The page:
Spare Time Lanes rejoices in a return to bowling despite coronavirus hurdles


KENNEWICK, Wash. — When Benton County moved into Phase 3 of the ‘Healthy Washington‘ re-opening guidelines, the local entertainment industry received a breath of fresh air. After being forced to close their doors with no end in sight, many small business owners suffered to stay afloat. However, a whole new set of challenges arose once the bowling alley re-opened.

Community members made their way back to the bowling alley where they’d bowled for countless hours, shared meals with their friends and seen their family members grow up. To adjust for the ongoing pandemic, Spare Time Lanes in Kennewick had to make plenty of adjustments.

General manager Rob Watson says that he and his team diligently disinfect bowling balls, shoes and surfaces with cleaning products designed for times like these. Spare Time Lanes has great airflow and circulation, making it safer than smaller indoor businesses. There are signs enforcing a mask requirement all around the business to ensure public safety.

However, not everybody sees it that way.

“There have been several instances of customers being very aggressive; screaming and yelling and saying all sorts of things. We do our best to try to deescalate it,” Watson said. “It can be exhausting to come up with new and innovative ways to tell somebody that they have to wear a mask.”

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Some of the unruly customers were first-time visitors who made a fuss and never returned. In Watson’s experience, some of the individuals who enter the bowling alley without a mask are looking to pick a fight. Though some of the arguments have come from returning customers who he’d never expect to argue with him about enforcing rules.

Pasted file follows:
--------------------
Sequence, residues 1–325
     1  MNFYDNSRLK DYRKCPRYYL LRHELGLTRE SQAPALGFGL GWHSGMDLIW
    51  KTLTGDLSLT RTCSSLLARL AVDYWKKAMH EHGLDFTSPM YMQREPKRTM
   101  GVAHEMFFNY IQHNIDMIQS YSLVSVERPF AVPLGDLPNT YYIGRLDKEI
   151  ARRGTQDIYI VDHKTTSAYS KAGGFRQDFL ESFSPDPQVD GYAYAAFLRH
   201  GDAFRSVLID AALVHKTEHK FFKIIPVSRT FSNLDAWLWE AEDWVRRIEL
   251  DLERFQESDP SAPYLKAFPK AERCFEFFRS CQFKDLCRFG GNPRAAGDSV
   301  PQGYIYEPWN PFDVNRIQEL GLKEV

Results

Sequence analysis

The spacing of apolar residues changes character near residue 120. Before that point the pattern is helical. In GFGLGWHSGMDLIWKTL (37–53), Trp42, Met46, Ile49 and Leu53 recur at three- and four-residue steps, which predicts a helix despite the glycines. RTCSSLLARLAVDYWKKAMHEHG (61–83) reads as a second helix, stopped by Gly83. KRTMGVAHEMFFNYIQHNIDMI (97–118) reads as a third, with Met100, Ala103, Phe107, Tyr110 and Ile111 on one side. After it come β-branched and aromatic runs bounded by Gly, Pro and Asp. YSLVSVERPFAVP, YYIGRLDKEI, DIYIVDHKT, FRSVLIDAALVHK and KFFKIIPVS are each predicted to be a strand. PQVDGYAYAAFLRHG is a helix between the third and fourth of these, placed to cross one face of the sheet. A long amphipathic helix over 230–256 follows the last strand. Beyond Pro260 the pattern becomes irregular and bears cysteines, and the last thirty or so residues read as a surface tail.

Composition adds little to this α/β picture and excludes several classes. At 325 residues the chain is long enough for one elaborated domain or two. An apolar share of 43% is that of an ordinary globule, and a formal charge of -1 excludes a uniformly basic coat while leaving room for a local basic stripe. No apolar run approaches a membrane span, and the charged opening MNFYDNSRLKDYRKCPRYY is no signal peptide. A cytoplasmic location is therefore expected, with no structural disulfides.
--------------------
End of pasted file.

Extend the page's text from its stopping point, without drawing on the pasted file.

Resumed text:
“It doesn’t matter what the rule is — there’s always a pushback to it. Masking is just crazy because it’s not something that we’re making up. We’re not just arbitrarily enforcing a mask requirement in our building,” Watson said. “Just like our cooks washing their hands, part of duty is to do what the health department asks us to do.”

Small business owners aren’t enforcing mask mandates based on their own political beliefs. State government officials set the ‘Healthy Washington’ guidelines in place to create a pathway to normalcy after shutting businesses down in 2020. For the Spare Time Lanes staff, which is simply trying to return to work after their jobs were shut down, they overcome encounters with unruly customers by sticking together.

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“I’m really lucky here, we’ve built a really solid team and everyone is supportive of each other, so when one person has a confrontation with somebody that’s being belligerent about not wearing a mask, we’re all supportive of them so no one shoulders any of it alone,” Watson said.

Despite the efforts of this small group of customers, Kennewick community members are rallying around Spare Time Lanes in this time of need.

“People are coming out and showing us wonderful support,” Watson said. “From our league bowlers to our weekend regulars that we had before, they were all really excited to come back and they’ve been very supportive.”

Regardless of the hurdles, Spare Time Lanes remains a landmark in local entertainment and community togetherness. Watson remarked on the tremendous growth of the Tri-Cities in the past decade and the incredible unity of people in the area. Spare Time Lanes won’t be the same without the regulars bowlers who lost their lives to COVID-19, but it will provide solace and joy for people in a time when they need it more than ever.


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